Hello All........I have made cylinders out of both materials , cast iron, and 12L14 steel.....I have noticed that (as Jaime Q. has) that it seems to take longer for the rings to wear, and seat better with the 12L14 cylinders......On a second point or question ???? what type of oil do you use while first starting and "trying" to get the engine parts to "seat"..???? I can tell you what Not to use !!!! I have on hand a 5W40 synthetic oil that I use on my VW diesel , and when I used that oil , the parts did not want to wear......So is there any thoughts on what oil to use as a break-in oil ???? I would be interested in your thoughts, or history of break in oils.....Thanks......Dale
    Hello, Well I believe that Lycoming aircraft engines still require mineral oil for the first 100 hours. You can buy it under the Aeroshell name. For our engines a quart would go a long way and at it's price, you want it to!!! Mineral oil does not have the additives that regular oil does. That's about all I know about the difference in the oils.
    Lee Hodgson of Ageless Engines wrote an article in an issue of MEB on the preferred use of non detergent oils for break-in. This was determined from WWII, and current light aircraft enigne manufacturers recommendations. I don't know which issue the article was in, but his conclusion was that non detergent mineral oils will also provide the fastest seating of rings in model engines. Straight SAE 10 non detergent automotive oil is about the lightest (mineral) oil weight available, although it is not easy to find anymore. The diesel oils usually have more of the friction modifier additives that gasoline oils, hence will almost prevent run-in.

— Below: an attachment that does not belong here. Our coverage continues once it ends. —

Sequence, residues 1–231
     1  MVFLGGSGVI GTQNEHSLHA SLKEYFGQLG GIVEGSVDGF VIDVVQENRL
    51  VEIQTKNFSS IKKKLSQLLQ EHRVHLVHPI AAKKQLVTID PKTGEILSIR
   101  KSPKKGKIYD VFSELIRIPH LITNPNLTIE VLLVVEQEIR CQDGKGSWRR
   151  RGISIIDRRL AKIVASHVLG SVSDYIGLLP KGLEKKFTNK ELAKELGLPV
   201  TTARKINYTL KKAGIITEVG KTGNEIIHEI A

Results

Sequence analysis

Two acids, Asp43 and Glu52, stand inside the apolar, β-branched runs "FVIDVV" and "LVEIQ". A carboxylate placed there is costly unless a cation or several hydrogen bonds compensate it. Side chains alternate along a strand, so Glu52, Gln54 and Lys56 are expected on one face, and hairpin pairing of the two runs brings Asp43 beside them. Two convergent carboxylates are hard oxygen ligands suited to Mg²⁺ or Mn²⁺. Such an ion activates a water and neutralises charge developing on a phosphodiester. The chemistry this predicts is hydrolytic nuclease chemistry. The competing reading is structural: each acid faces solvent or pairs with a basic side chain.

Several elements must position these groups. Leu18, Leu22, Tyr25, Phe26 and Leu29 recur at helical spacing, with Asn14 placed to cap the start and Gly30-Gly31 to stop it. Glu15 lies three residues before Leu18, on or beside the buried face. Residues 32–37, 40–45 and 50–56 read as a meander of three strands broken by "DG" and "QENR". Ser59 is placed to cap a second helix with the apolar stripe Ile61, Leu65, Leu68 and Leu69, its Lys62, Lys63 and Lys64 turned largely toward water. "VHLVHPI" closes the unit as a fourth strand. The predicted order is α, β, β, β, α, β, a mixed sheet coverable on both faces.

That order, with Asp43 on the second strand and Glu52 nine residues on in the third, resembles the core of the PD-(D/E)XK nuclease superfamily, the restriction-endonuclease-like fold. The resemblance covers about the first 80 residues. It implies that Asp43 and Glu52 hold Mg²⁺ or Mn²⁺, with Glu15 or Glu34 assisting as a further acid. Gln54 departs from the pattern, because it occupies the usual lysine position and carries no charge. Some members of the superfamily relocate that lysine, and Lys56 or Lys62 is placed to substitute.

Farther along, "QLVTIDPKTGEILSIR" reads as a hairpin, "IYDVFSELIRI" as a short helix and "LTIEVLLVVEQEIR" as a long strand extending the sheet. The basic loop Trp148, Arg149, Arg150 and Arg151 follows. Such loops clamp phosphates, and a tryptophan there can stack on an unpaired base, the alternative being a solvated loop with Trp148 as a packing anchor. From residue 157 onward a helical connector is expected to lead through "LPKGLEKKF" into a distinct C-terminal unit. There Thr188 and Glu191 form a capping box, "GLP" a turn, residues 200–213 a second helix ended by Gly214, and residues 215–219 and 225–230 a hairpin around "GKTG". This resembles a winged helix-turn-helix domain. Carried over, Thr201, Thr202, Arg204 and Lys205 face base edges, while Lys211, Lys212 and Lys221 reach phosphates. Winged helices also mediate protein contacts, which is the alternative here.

This is a bit late but its what the non expert will need.
    The only right way of making piston rings is by the Trimble/Chaddock/Wellshaw methods.
    For piston rings use only fine grain cast iron grade USA = G2, UK = GA300.
    Use the following formula and the above grade cast iron which is approx17 tons UTS and you will have the right spring tension against the cylinder wall.
    D = cylinder diameter.
    t =radial thickness,use D/25 to D/30.
    w = axial width,use D/25 to D/30.
    G = free gap,use t times 4.
    g = working gap,use 0.002 inches per inch of diameter.
    Do not cut the gap.break or snap the ring and only when finnished file the gap.
    Annealing/heat treatment,for forming the ring in the open position[free gap)using a wedge of t times 4,heat to 480-520 decrees centigrade,slow heat for 10 minutes,cool by air or quench in oil,if ring holds its t times 4 gap treatment is ok.
    The rings should be made 0.002 inches oversize on outside diameter and after heat treatment using a holder that keeps them closed finnished to cylinder size.
    Another holder can be used to finnish them to piston ring groove size.
    Piston ring groove depth should be,piston ring + 0.004 inches.
    Another tool can be made to break/snap the rings.
    An assay on piston rings by T.D. WELLSHAW is recomanded reading,if its still there it can be seen on
    • CommentAuthordavid
    • CommentTimeAug 23rd 2009
    Great site lots of interesting engine info. Go to ->link<- .
    Thanks for sharing it.